I had an interesting experience this wee…

I had an interesting experience this weekend as I drove to and from Savannah, a round trip of ten hours: without a backlog of podcasts or an audio book on hand, I had to wing it in terms of entertainment. What I ended up doing was listening to a lot of NPR.

For the most part, it was alright. Aside from the hosts of “All Things Considered” (a pretty sweeping declaration) who have the narcissistic habit of repeating their names every three minutes, the coverage was pretty interesting. Everything from phishing to a pretty balanced look at Afghanistan.

I was even surprised when I heard an NPR station spend an hour talking about tobacco without using the words “evil” or “deadly”. Of course, it turns out it was a local production from the South Carolina NPR station, so they were probably on the take from Phillip Morris anyway.

But the thing that blew my mind the most was the absolute hubris of the host of On The Media, which ran a segment about how search engines are changing reporting. For this, the host interviewed the SEO chief of Tribune Interactive about how they handle search engine traffic and so forth.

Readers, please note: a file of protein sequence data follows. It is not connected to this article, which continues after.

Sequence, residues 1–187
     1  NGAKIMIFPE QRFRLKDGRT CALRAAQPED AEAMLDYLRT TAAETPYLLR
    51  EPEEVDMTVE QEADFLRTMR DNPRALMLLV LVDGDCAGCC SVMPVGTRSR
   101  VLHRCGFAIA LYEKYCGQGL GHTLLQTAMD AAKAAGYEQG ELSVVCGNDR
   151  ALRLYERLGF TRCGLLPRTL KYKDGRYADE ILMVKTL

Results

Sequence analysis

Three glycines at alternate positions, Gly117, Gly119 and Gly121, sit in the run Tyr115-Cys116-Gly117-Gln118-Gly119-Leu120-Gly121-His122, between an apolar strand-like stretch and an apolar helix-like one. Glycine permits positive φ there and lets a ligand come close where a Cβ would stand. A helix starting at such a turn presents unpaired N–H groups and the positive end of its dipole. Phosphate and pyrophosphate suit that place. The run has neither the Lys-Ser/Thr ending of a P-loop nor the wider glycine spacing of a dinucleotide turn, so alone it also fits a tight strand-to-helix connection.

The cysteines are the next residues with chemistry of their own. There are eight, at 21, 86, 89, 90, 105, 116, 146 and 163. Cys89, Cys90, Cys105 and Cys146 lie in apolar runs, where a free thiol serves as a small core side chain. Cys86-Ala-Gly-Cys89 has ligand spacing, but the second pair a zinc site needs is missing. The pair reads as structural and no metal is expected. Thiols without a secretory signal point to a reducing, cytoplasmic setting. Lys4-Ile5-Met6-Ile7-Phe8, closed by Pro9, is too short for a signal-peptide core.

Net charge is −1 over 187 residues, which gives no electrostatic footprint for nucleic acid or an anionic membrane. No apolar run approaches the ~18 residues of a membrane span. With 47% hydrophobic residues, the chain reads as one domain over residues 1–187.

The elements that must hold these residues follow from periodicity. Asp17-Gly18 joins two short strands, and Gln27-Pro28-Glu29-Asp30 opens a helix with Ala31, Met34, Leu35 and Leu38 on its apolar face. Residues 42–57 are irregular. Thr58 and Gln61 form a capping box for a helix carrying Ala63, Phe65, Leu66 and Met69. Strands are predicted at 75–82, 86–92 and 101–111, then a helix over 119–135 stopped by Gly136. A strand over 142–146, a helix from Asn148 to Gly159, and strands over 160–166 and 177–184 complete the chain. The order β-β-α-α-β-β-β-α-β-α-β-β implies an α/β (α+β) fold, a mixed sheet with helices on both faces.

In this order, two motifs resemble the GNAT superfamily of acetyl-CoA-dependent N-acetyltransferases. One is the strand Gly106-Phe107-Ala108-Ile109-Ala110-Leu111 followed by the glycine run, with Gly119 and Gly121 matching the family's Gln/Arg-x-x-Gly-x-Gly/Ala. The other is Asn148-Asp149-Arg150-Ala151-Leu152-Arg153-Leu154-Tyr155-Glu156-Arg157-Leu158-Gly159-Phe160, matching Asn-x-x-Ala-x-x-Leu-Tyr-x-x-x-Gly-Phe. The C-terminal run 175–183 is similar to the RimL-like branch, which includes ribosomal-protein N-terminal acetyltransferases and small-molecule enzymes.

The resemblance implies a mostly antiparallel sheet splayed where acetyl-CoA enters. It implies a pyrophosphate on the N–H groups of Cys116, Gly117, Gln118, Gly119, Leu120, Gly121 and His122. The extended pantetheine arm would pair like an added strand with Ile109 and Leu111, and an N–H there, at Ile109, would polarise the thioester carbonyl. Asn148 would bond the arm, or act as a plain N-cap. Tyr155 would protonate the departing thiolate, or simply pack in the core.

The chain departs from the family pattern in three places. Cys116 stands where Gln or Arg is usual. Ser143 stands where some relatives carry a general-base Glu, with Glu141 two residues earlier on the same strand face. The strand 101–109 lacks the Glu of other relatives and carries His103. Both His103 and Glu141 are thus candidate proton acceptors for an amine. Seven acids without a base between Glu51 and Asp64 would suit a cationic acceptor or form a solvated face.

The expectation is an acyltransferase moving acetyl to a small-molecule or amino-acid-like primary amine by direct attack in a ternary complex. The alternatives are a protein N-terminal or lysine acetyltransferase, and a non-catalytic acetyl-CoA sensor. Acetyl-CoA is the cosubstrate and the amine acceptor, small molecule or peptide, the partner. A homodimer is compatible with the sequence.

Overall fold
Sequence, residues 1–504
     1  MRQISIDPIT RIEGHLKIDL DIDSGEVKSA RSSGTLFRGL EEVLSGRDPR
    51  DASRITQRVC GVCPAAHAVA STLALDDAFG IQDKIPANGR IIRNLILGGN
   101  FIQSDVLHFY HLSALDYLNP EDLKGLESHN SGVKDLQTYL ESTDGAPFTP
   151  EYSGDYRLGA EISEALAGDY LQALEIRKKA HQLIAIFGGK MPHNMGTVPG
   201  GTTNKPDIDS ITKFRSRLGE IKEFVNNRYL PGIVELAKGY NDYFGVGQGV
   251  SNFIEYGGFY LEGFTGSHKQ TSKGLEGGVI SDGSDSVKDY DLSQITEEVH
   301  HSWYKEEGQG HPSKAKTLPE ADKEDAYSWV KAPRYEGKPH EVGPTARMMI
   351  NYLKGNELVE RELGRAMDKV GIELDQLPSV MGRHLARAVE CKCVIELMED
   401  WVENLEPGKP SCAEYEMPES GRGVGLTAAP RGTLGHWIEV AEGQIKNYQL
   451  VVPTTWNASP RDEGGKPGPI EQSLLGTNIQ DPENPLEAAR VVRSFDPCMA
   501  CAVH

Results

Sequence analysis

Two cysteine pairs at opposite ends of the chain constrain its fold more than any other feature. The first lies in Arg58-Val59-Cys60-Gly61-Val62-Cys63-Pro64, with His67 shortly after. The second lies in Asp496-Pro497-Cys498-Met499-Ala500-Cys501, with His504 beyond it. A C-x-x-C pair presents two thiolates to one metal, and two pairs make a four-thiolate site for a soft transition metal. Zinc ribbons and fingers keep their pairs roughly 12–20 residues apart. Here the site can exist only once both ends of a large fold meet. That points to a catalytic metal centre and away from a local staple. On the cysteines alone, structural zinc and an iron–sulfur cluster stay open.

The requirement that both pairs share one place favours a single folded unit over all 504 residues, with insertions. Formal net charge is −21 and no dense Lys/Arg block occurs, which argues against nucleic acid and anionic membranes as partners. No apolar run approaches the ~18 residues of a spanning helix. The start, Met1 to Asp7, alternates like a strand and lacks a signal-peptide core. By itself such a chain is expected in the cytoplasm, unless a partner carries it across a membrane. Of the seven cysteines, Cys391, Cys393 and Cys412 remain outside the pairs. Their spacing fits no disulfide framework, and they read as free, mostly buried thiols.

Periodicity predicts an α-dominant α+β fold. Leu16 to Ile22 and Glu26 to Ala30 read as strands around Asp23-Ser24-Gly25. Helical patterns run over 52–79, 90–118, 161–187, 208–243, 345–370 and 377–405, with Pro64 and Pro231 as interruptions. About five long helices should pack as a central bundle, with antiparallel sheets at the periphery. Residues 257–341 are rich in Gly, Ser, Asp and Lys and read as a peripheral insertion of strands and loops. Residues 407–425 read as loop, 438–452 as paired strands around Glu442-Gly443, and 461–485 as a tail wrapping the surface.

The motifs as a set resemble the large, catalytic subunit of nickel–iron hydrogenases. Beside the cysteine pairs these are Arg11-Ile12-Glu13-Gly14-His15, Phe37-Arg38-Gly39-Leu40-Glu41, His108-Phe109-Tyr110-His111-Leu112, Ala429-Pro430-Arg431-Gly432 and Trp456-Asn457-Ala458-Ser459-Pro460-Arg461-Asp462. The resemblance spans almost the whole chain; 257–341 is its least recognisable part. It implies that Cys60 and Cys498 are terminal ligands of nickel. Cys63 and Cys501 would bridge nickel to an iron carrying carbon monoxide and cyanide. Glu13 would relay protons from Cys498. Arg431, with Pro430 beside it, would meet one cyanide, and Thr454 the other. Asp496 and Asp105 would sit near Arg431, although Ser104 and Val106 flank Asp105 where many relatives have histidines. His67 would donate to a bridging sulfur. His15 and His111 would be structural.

The topic of Google Trends came up, and the host kept yammering on about how it was wrong for news agencies to look at Google Trends and use it as a cue to go investigate. To him, this violates some rule of journalistic ethics against giving readers what they want to hear about, demanding instead that the journalists use their discretion to decide what the people deserve to hear about.

This guy runs a show that analyzes the media, so you would hope he would be something of an outsider, but this seems to be a pretty brazen view in to the mind of the media.

I can’t quote the segment because they haven’t uploaded the transcript yet, but if you’re interested, follow the link and listen to the MP3.

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